Today's Daily Tip
Focusing on A.D.D
One Child's Class
It takes a special yoga teacher to work with ADD kids. "The teacher must have access to a variety of specialized techniques for dealing with anger, distractibility, and impulsivity, as well as a solid foundation in yoga," says Sonia Sumar, author of Yoga for the Special Child (Special Yoga Publications, 1998). Sumar trains and certifies yoga teachers, like Randolph, to work with developmentally challenged children. Randolph combines Sumar's special education approach with 30 years of hatha yoga practice in her classes with Clayton.
She works patiently, often one-on-one for several months, before integrating a child with ADD into a group setting, which includes two or three kids at the most. "These kids can be very intense," says Randolph. "A yoga teacher who works with children with ADD must develop patience, boundless energy, and a keen focus herself. These children need someone who can think faster and more creatively than they do; otherwise, they soon get bored."
Every Thursday, Clayton steps into Randolph's studio at The Yoga Center in Reno, Nevada. "Sometimes it's a struggle to get him there," says his mother, Nancy Petersen, "but in the end, he's always glad he went." Children with ADD struggle with transitions, so Randolph enlists a brief ritual, including candles and incense, to help Clayton shift into yoga mode. The structure of Clayton's classes generally follows the same basic pattern every week, with a few alternating poses chosen for variety.
ADD children do best in a well-organized environment, as their internal sense of structure lacks coherence. The Yoga Center has a sunny room with large windows and mirrored walls, but Clayton's classes take place in Randolph's basement studio, where the ivory-yellow paint and sienna carpet keep distractions to a minimum. Since the ADD brain functions too slowly while processing sensory information, concentration comes more easily when the stimulation level remains low.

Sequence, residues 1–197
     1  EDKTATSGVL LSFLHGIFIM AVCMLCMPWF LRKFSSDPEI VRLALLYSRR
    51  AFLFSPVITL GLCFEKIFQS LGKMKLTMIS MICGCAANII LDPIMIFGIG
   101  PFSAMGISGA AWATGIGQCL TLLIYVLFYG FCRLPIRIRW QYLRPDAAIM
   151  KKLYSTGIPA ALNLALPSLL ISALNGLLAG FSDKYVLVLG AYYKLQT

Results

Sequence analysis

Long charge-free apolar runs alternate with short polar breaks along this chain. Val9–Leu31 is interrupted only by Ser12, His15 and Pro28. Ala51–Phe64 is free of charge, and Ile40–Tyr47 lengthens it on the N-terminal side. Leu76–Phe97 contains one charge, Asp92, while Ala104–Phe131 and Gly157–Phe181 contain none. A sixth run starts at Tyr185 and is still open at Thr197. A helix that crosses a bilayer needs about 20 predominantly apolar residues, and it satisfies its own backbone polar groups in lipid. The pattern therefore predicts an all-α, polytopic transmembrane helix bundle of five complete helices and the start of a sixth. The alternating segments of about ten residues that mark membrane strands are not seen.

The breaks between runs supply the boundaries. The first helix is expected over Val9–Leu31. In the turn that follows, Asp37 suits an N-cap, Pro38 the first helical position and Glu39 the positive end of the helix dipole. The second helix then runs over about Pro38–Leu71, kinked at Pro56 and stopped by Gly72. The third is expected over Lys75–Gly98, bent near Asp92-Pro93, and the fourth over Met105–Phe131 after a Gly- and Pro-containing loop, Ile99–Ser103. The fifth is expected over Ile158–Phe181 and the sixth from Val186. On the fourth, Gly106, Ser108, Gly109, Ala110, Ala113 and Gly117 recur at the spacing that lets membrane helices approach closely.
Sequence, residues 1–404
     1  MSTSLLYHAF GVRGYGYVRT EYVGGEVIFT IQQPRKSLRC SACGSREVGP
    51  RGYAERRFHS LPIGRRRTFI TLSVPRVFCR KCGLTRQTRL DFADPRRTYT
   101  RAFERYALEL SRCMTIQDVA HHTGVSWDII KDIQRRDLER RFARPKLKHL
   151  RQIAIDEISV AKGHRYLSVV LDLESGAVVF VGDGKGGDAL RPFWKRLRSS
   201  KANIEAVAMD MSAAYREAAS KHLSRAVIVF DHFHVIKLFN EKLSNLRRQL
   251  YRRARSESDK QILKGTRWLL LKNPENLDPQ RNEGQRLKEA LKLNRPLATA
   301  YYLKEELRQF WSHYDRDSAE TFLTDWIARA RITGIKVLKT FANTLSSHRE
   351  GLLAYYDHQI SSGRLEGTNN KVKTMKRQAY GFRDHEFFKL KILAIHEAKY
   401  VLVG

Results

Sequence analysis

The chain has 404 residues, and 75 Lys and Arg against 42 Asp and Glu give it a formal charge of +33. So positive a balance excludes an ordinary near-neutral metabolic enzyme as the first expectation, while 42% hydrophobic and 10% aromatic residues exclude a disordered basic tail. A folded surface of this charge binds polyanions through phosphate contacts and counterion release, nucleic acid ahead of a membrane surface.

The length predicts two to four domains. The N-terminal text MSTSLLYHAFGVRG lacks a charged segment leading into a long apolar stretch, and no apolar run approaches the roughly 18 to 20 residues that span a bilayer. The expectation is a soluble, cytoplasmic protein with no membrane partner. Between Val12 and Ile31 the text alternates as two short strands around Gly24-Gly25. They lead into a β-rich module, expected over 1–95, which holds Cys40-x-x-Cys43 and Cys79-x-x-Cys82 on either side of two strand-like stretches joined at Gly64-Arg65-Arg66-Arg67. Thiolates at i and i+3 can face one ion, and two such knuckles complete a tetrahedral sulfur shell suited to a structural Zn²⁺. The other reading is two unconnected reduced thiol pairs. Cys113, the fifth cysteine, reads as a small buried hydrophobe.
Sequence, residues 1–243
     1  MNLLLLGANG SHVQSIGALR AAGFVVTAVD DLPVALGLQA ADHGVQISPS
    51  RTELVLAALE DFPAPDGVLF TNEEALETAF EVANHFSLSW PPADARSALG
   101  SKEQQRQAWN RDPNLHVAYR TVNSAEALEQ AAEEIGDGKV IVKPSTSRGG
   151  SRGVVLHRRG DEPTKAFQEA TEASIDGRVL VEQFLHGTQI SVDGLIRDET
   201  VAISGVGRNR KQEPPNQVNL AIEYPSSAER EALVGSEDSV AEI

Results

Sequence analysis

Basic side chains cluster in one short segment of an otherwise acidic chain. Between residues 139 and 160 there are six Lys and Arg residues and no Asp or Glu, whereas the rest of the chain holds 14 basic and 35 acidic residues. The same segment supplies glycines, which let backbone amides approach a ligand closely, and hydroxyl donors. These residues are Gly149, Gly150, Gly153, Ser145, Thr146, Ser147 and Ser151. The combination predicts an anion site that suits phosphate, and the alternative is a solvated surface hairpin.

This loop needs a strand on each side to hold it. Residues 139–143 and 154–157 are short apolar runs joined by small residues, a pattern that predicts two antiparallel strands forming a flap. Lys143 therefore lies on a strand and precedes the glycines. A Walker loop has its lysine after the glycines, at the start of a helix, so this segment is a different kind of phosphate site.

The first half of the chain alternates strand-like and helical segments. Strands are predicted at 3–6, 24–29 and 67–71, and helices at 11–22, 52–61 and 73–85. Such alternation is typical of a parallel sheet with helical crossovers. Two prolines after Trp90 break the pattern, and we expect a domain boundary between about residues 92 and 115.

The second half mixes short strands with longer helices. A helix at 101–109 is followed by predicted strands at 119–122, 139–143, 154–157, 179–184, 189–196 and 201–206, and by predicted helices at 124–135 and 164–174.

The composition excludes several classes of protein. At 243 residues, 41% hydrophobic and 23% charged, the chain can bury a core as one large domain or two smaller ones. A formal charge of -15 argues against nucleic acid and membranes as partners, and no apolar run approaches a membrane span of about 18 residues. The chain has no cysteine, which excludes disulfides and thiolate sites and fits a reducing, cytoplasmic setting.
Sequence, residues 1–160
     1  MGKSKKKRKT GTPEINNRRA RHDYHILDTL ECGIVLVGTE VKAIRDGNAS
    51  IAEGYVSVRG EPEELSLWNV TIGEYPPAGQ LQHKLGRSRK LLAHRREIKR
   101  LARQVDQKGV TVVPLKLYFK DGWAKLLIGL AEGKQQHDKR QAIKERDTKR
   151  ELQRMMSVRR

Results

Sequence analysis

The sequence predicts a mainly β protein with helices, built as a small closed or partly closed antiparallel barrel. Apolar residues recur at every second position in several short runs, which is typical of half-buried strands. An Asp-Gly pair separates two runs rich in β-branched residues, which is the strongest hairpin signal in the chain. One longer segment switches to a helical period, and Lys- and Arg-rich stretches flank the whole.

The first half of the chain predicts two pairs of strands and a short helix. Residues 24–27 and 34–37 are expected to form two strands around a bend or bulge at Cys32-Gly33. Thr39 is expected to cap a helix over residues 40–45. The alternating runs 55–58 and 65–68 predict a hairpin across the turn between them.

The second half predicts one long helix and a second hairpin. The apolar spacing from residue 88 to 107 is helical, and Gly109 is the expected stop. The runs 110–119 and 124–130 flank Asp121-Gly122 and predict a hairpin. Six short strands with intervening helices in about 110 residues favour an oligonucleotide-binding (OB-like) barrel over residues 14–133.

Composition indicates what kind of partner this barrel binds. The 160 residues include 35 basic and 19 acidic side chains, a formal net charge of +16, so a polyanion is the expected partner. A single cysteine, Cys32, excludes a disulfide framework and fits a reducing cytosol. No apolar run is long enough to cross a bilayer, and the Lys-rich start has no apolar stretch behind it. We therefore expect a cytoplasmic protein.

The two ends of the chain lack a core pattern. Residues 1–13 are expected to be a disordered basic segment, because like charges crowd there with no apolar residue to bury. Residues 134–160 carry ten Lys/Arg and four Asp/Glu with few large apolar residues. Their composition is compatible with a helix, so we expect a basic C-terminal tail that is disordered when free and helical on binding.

To encourage body awareness, Randolph begins by asking Clayton how tight his body feels and how much warm-up he needs. Depending on the answer, Randolph begins with Suryanamaskar (Sun Salutation) in either a 12- or 28-posture sequence. This cycle challenges Clayton's ability to focus and helps increase his attention span. Learning a complex series like Sun Salutation "recruits a lot of nerve cells in the prefrontal cortex," says Ratey. "The brain is like a muscle: When you strain it, you strengthen it." But purely intellectual endeavors, like learning multiplication tables, don't promote what Ratey jokingly calls "neurological Miracle-Gro" to the extent that complex movement patterns do.
Following Sun Salutation, Randolph leads Clayton through a succession of forward bends, lateral bends, triangle poses, and backbends. In addition to their psychological benefits, these yoga poses help children with ADD learn to coordinate their bodies in space, which is important since they tend to have higher injury rates than their peers. Similar to the work of a physical therapist, carefully performed asanas engage alignment, balance, and coordination to train a child's sensory-motor system. Balancing poses like Vrksasana (Tree Pose) are Clayton's favorites, and he frequently practices them outside of class. Says Randolph, "Kids gravitate toward play that involves balance," such as skateboards, pogo sticks, swings, merry-go-rounds, and tumbling, because it excites what physiologists call the vestibular system. The inner ear's vestibular system allows you to judge your position in space and informs the brain to keep you upright.